[Top][All Lists]

[Date Prev][Date Next][Thread Prev][Thread Next][Date Index][Thread Index]

Re: proposal to make null string handling more emacs-y

From: Miles Bader
Subject: Re: proposal to make null string handling more emacs-y
Date: Fri, 27 Apr 2012 13:24:05 +0900

Jeremiah Dodds <address@hidden> writes:
>>> I believe this is because it seems that the "uh-oh i got a nil when I
>>> expected a string" error commonly happens on emacs startup, confusing
>>> new users, presumably after loading some big bunch of elisp.
>> Does it?  I don't think I've _ever_ seen that error at startup (though
>> I've certainly had errors during startup)...
> It's happened to me enough times over the course of the decade or so
> that I've been using emacs to remember it. I know that the first few
> times it happened, I was pretty green and got really confused for a
> while. Nowadays, I know how to figure out wtf is going on.

Startup is typically a particularly intense period of elisp execution
in a short period of time, so it's not surprising if errors are more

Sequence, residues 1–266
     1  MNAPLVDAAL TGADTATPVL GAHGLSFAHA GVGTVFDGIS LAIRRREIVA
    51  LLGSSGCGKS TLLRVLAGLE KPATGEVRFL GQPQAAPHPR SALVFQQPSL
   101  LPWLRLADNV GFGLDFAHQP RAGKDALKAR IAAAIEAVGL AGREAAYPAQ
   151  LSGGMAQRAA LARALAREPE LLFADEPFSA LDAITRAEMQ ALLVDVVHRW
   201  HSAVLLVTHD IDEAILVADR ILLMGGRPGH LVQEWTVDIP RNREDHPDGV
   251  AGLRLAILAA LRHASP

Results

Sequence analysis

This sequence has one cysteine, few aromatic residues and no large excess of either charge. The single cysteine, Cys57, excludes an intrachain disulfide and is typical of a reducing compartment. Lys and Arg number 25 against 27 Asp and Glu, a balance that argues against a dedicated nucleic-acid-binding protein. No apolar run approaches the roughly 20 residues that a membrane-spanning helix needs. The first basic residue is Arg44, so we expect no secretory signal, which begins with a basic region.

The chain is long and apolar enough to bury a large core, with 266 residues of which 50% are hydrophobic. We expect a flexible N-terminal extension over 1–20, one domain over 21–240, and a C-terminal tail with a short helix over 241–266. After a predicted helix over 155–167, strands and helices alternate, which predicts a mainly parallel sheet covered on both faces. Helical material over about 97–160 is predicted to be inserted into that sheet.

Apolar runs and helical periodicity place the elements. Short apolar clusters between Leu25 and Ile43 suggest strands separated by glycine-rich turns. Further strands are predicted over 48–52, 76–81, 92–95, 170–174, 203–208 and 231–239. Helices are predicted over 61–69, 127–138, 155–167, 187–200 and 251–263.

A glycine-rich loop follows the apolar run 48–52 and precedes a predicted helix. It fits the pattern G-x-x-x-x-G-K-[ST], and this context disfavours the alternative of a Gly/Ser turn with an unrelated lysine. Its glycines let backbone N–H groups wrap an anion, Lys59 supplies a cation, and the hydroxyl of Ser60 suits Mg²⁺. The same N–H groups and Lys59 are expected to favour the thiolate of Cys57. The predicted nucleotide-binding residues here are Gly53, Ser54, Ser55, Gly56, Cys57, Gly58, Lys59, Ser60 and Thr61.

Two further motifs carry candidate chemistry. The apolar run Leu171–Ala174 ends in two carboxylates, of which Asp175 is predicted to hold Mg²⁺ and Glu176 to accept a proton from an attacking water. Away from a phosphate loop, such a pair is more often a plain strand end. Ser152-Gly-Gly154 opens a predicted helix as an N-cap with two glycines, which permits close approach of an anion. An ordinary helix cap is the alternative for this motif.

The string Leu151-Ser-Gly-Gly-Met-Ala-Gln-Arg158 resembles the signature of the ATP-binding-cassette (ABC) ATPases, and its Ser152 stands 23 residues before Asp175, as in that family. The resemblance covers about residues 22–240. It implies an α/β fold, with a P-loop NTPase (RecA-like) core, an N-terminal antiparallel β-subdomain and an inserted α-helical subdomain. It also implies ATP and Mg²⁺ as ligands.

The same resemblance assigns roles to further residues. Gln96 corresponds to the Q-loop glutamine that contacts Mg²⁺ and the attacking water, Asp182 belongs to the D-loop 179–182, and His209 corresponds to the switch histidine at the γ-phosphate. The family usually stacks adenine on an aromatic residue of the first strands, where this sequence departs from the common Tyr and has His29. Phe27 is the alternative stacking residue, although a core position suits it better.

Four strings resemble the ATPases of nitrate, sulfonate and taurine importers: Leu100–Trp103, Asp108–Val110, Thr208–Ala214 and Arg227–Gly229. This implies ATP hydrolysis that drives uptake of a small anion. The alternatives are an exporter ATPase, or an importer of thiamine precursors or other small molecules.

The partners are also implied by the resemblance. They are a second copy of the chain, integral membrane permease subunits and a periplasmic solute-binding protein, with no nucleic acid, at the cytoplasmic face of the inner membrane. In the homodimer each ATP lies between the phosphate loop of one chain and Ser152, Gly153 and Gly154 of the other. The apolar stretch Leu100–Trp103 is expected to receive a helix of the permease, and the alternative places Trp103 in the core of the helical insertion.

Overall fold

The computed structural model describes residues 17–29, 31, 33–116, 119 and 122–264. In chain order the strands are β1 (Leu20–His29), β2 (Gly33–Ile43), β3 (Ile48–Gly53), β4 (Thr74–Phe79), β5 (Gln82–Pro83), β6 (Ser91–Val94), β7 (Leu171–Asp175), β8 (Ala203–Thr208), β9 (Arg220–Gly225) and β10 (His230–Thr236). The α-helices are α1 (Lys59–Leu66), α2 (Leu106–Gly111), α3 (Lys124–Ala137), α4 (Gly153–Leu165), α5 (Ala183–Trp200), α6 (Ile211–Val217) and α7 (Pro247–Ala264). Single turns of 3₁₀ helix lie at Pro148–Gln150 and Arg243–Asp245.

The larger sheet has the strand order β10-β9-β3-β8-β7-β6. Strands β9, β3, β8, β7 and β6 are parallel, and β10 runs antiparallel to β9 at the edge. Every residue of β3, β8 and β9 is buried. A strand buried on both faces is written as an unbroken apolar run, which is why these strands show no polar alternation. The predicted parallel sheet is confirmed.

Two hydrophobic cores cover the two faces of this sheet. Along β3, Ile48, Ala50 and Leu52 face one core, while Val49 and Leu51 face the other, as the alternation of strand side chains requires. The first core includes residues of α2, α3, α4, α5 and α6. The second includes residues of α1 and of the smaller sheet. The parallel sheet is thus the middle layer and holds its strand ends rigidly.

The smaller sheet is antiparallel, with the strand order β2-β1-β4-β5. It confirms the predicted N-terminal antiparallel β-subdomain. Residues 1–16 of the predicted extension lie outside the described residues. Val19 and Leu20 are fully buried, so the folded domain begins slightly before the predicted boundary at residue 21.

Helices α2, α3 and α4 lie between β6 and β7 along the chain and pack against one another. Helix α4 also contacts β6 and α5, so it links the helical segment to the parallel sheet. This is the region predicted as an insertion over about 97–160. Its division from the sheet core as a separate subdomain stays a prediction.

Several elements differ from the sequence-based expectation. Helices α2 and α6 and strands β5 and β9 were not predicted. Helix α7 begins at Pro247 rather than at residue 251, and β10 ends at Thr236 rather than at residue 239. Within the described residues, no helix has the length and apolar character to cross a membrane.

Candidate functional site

noticeable there, and particularly annoying, because they often leave
Emacs in an uncertain state.


(1) This particular type of error (nil when string expected) is just
    as, or even more, likely to occur over the rest of Emacs'

(2) Many other types of errors (whether bugs or transient errors
    because of e.g. environmental issues or something [can't open some
    file, network down, ...]) can occur during startup

So there doesn't really seem to be all that much correlation between
what Steve was complaining about and startup.  To the extent his
complaint is valid, it's a general issue, not a "startup issue."

Moreover, if Emacs is clumsy at handling errors during startup (and I
agree that it is), that's a problem that should be addressed generally
in the startup mechanism, not by bandaids on only vaguely related

In other words, these these things look largely orthogonal.

[If this particular bandaid were harmless maybe it should be added
anyway, as a stop-gap to a more proper solution -- but it isn't
harmless, at least when applied generally; in certain cases, it may
be, of course.]


`Life is a boundless sea of bitterness'

reply via email to

[Prev in Thread] Current Thread [Next in Thread]